Kelley


#16

Hi Helen,

Someone else recommended the GraverMax to me as well and it does
look very good for setting tasks but I feel the need to earn such
a spending spree by learning the different setting styles the
traditional way first and getting a feel for how the metal needs
to be moved

There are hammer handpieces available that are powered by flexshafts.
Depending on where you buy them, they cost between $100 & $150.

They can be used for stone setting & texturing & other jobs.

Typically, the flexshaft should be run at a slower speed when using
the hammer handpiece.

Dave


#17
Someone else recommended the GraverMax to me as well and it does
look very good for setting tasks but I feel the need to earn such
a spending spree by learning the different setting styles the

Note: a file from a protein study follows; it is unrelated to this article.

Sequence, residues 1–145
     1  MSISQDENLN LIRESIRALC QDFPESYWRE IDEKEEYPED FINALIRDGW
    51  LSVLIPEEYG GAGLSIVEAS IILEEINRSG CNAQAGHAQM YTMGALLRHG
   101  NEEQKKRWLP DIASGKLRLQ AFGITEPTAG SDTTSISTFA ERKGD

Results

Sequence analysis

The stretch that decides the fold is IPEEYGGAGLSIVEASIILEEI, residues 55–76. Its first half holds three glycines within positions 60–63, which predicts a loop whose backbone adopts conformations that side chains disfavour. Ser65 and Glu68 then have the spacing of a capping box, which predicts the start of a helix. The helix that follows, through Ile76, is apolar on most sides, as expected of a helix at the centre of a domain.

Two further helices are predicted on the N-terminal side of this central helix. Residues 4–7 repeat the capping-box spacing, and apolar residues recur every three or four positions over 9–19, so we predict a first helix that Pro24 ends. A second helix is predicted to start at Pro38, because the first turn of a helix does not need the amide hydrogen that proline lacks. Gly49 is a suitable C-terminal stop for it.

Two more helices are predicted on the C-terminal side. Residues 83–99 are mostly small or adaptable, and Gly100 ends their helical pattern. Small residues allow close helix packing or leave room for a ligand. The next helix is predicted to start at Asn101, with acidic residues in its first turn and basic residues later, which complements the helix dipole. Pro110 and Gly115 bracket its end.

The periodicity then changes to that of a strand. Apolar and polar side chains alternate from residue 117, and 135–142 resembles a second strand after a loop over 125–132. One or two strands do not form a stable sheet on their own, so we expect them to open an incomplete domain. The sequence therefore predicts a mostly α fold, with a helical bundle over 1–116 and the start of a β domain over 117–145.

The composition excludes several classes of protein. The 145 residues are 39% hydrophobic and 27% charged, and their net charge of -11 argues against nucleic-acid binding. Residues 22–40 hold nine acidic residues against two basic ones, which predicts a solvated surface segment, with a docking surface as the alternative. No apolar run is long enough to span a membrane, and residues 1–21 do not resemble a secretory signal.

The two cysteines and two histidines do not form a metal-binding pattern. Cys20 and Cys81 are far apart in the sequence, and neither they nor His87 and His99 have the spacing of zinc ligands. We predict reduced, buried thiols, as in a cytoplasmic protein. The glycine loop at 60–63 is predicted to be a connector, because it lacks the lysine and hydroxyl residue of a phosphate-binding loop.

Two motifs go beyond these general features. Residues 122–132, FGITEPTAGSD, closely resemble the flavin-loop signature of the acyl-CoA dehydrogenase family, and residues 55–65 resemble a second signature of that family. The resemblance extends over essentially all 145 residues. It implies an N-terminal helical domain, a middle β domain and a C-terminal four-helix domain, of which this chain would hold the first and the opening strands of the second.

traditional way first and getting a feel for how the metal needs
to be moved. 

Like Jim mentioned, take a good look at the Lindsay series of
engraving tools, I recently bit the bullet and invested the Palm
Control Classic Air Graver. I can honestly say, this tool (1) is a
fine piece of precision equipment, (2) is like an extension of your
hands, (3) you can move some serious metal with little effort, saving
the wear and tear on your body, and finally, worth every penny spent
on the tool.

I recently did some pieces with machined bezels (stainless steel),
and before I would use a hammer and punch to move the metal to the
stone, very time consuming to say the least. With the Lindsay it